Targeting of BCR signaling as a therapeutic strategy in CLL. Red symbols and letters indicate new therapeutics as discussed in the text. Hallek M Hematology 2013; 2013: 138 -150 © 2013 by American Society of Hematology
Inhibitory signaling axes in CLL. Up-regulation of CD 200, CD 274, and CD 276 induces impaired actin polymerization and immunological synapse formation in CLL T cells. Gribben J G , and Riches J C Hematology 2013; 2013: 151157 © 2013 by American Society of Hematology
Treatment Alkylating agents (chlorambucil, cyclophosphamide) Nucleoside analogs (cladribine, fludarabine) Biological response modifiers, immunomodulators Monoclonal antibodies – anti. CD 20, anti. CD 52, anti. CD 23, anti. CD 37 etc. Chemoimmunotherapy (CIT) Bone marrow transplantation Systemic complications requiring therapy antibiotics immunoglobulin steroids blood products
CLL -Treatment Rai st. 0 -2 or Binet st. A-B observe every 3 -6 months, treat if disease progress, short doubling time, symptomatic, recurrent infections, ITP, AIHA Advanced stage, symptomatic patient needs treatment at diagnosis (5 -10% of the patients) High and very high risk early asymptomatic patients should not be treated outside of a clinical trial Low and intermediate-low risk symptomatic patients – B symptoms (weight loss, fever, night swetts), progressive lymphadenopathy, fatigue – need treatment
Categories of patients CLL treatment “Go-Go” – fit, functionally independent with no or mild comorbidities and normal life expectancy should receive the most effective treatment – CIT: FCR or investigational alternative BR, FR with aim to prolong PFS and possibly OS “Slow Go” – medically less-fit patients – should be recruited into clinical trials. Can receive clorambucil±Rituximab, Bendamustine, clorambucil+ofatumomab or GA 101, dose-reduced FCR, Pentostatin+Rituximab±CTX (PR or PCR) “No Go” – unfit, with >3 comorbidities, dependent with short life expectancy – palliative treatment only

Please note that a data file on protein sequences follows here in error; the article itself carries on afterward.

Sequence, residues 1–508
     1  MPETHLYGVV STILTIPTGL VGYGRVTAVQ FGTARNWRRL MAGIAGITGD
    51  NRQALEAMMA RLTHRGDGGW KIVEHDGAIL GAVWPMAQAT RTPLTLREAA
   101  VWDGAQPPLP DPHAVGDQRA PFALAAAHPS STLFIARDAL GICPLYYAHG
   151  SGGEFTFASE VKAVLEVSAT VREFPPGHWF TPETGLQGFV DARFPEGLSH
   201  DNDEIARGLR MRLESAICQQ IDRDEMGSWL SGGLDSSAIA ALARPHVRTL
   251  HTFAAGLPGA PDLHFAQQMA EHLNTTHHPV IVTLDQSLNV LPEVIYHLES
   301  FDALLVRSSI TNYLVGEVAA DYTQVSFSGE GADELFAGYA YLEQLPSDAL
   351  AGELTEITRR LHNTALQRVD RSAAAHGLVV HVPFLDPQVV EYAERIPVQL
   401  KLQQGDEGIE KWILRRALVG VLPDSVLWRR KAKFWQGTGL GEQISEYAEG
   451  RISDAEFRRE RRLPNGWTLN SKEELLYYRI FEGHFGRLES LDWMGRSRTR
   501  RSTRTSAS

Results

Cll treatment No known defect in TP 53, “Go Go” – FCR or clinical trial Defective TP 53 – no standard of care. CIT provide low RR, rare durable responses. Therapies with TP 53 -independent action: high dose steroids, Alemtuzumab, combinations FLU-CAM, HD steroids+monoclonal Ab’s, provide short term responses, severe immune suppression. Novel agents – BCR pathway inhibitors Early Allogeneic transplantation for fit younger patients with a suitable donor
Relapsed/refractory disease If response duration > 1 year retreatment with CIT (FCR, etc. ) Bendamustine + Rituximab Ofatumomab Investigational combinations Novel agents Allogeneic SCT – Reduced Intensity Conditioning
Novel drugs for CLL Ibrutinib – BTK inhibitor Idelalisib – PI 3 K inhibitor Lenalidomide – immune modulator (IMID) Alvocidib (flavopiridol) – CDK inhibitor Ofatumomab – human anti-CD 20 monoclonal Ab Veltuzumab – humanized anti-CD 20 monoclonal Ab HCD-122 – human anti-CD 40 monoclonal Ab TRU-016 – anti-CD 37 Ig. G fusion protein Obatoclax – BCL-2 inhibitor
Novel drugs for CLL Fostamatinib – SYK inhibitor Everolimus – m. TOR inhibitor Ai. X – AKT inhibitor PGG β-glucan – Complement receptor 3 agonist 17 -DMAG – HSP 90 inhibitor Dasatinib – tyrosine kinase inhibitor Plerixafor – CXCL 12 inhibitor ABT-263/ABT-737 – BCL 2 and BCLXL inhibitors CAL-101 – PI 3 K inhibitor
Richter’s Syndrome In 3 -5% the disease undergoes a transformation into aggressive lymphoma - diffuse large cell or immunoblastic, rare Hodgkin lymphoma or T-cell lymphoma Severe B-symptoms, increased LDH, progressive lymphadenopathy The prognosis is poor, median survival <6 months
Second Malignancies Incidence of 8. 9% (28% increased risk) of second malignancy Most frequent cancers associated with CLL are - skin, lung, gastrointestinal tumors (carcinoma of colon) There is no relationship between the course of CLL, it’s treatment and the incidence of second cancers